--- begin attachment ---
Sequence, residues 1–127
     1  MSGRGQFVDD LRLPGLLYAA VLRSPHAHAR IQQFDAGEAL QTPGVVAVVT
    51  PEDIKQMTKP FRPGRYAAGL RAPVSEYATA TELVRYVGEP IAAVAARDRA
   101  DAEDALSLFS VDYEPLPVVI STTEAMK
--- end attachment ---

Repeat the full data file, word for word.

Sequence, residues 1–127
     1  MSGRGQFVDD LRLPGLLYAA VLRSPHAHAR IQQFDAGEAL QTPGVVAVVT
    51  PEDIKQMTKP FRPGRYAAGL RAPVSEYATA TELVRYVGEP IAAVAARDRA
   101  DAEDALSLFS VDYEPLPVVI STTEAMK